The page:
Summaries of judgments

 

Summaries of judgments made in collaboration with the Portuguese judges and référendaire of the General Court (Maria José Costeira, Ricardo Silva Passos and Esperança Mealha)
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Judgments of the General Court (Fifth Chamber) of the 12th of July 2019, 
T-762/15, T-763/15, T-772/15, T-1/16 and T-8/16

Competition – Agreements, decisions and concerted practices –  Market for optical disk drives – Decision finding an infringement of Article 101 TFEU and Article 53 of the EEA Agreement – Collusive agreements relating to bidding events concerning optical disk drives for notebook and desktop computers – Infringement by object – Essential procedural requirements and rights of the defence – Jurisdiction of the Commission –  Obligation to state reasons – Unlimited jurisdiction – Principle of good administration – Fines – Geographic scope of the infringement – Single and continuous infringement – 2006 Guidelines on the method of setting fines – Particular circumstances – Error of law

1 – Facts

On 21 October 2015, the European Commission adopted the Decision C(2015) 7135 final, relating to a proceeding under Article 101 TFEU and Article 53 of the EEA Agreement (Case AT.39639 – Optical Disk Drives, hereinafter “ODDs”) and, more specifically, to collusive agreements relating to bidding events concerning ODDs for computers organised by two computer manufacturers. Eight ODDs suppliers were covered by this decision, which imposes fines totaling EUR 16 million.

ODDs are used in computers produced by Dell and Hewlett Packard, the two main worldwide manufacturers in the market.

According to the Commission, between June 2004 and November 2008, the suppliers Philips, Lite-On, Philips & Lite-On Digital Solutions (their joint venture), Hitachi-LG, Data Storage, Toshiba Samsung Storage Technology, Sony, Sony Optiarc and Quanta Storage coordinated their behaviour in procurement tenders organised by the two computer manufacturers referred to above. During that period, they exchanged commercially sensitive information, communicated to each other their bidding strategies, and shared the results of procurement tenders.

The purpose of this cartel was to monitor market volumes and to ensure that prices remained higher than they would have been if there was free competition.

Philips, Lite-On and their joint venture Philips & Lite-On Digital Solutions received full immunity from fines, while Hitachi-LG Data Storage received a 50% reduction on its fine, all under the Commission’s leniency programme.

Disagreeing with the decision, the companies (which did not benefit from immunity) brought actions seeking annulment of the Commission’s decision, or a reduction of the fines imposed on them.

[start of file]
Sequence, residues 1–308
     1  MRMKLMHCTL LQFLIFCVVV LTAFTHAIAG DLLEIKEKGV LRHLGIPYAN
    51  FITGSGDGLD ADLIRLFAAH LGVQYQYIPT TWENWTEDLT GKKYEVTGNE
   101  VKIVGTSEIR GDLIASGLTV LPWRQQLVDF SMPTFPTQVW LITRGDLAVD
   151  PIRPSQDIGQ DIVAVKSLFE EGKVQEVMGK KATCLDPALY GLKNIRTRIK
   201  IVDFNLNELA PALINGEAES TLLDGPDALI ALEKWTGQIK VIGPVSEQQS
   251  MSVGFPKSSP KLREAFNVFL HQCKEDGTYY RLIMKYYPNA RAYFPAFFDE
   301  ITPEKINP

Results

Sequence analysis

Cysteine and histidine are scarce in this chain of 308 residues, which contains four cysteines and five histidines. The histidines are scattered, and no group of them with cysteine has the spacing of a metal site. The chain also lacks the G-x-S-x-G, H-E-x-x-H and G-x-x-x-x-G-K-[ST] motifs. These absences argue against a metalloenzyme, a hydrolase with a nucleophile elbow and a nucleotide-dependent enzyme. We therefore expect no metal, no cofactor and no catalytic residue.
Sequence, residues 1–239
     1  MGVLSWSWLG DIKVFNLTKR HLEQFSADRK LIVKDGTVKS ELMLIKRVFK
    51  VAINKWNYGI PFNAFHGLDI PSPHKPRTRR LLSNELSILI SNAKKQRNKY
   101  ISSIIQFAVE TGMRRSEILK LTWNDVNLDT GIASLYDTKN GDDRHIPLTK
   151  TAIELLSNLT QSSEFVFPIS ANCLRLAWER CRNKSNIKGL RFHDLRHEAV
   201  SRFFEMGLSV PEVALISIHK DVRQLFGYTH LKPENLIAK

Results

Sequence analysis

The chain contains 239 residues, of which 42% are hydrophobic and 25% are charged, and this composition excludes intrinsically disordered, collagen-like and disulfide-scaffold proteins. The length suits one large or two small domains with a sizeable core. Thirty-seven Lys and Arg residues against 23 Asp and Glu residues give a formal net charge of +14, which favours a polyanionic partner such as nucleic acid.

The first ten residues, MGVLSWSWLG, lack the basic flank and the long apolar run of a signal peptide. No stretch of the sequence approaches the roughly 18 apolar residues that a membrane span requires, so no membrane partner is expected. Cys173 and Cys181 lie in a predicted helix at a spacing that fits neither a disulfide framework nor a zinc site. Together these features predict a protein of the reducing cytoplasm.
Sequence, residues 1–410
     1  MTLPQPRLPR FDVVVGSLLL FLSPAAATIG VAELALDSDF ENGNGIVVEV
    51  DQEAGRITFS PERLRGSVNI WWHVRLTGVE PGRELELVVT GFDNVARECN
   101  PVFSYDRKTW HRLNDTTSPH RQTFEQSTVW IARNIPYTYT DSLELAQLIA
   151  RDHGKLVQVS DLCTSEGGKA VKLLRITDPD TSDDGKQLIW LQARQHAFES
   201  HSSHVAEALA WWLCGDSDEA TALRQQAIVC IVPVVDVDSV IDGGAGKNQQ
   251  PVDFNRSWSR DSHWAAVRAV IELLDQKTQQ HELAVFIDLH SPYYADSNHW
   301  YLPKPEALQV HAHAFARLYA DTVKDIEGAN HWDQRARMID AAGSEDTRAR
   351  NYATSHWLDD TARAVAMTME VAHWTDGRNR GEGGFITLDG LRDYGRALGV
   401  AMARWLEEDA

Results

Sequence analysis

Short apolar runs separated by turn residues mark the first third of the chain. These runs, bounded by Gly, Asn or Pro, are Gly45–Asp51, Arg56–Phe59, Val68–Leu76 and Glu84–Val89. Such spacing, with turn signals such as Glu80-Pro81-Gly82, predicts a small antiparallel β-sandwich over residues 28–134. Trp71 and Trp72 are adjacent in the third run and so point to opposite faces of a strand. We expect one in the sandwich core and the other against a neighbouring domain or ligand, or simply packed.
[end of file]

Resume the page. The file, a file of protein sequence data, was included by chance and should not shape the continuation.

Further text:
2 – Decision

The General Court (hereinafter “GC”) begins recalling that, in order to assess the applicability of the Union’s competition law rules, the place where the agreement was formed is not relevant. Moreover, in the present case, the Commission was able to demonstrate that part of the ODDs covered by the cartel were sold to entities established in the EEA. Since the cartel was implemented on the internal market, the Court held that Articles 101 TFEU and 53 EEA Agreement are applicable.

The GC considered that these were practices which, by their object, were capable of distorting competition, in a market with a limited number of operators.

The GC also considered that the Commission did not contradict itself by stating, on the one hand, that the infringement at issue is formed by various instances of individual anticompetitive conduct and, on the other, that it is a single and continuous infringement. In that regard, the GC recalls that the very concept of a ‘single and continuous infringement’ presupposes a complex of anticompetitive practices adopted in pursuit of a single aim. In this case, the aim was the neutralization of the mechanisms used in the tenders of the above-mentioned manufacturers, in order to increase competition between ODDs suppliers.

As for the calculation of the fines, the GC rejected the appellants’ arguments and concluded that the Commission was correct in finding that there were no particularities which would justify departing from the methodology set out in the Guidelines on the method of setting fines.

For the reasons stated above, the GC dismissed all the applications.

Judgment of the General Court (Second Chamber) of 24 September 2019, T-391/17 Romania v European Commission

Institutional law – European citizens’ initiative – Protection of national and linguistic minorities – Strengthening of cultural and linguistic diversity – Partial registration – Principle of conferral – No manifest lack of legislative powers of the Commission – Obligation to state reasons – Article 5(2) TEU – Article 4(2)(b) of Regulation (EU) No 211/2011 – Article 296 TFEU

1. Facts

On 15 July 2013, a citizens’ committee submitted to the Commission a proposal for a European Citizens’ Initiative (ECI) entitled “Minority SafePack – One million signatures for diversity in Europe”. This ECI aims to invite the Union to improve the protection of persons belonging to national and linguistic minorities and to strengthen cultural and linguistic diversity in the Union through the adoption of a series of legislative acts.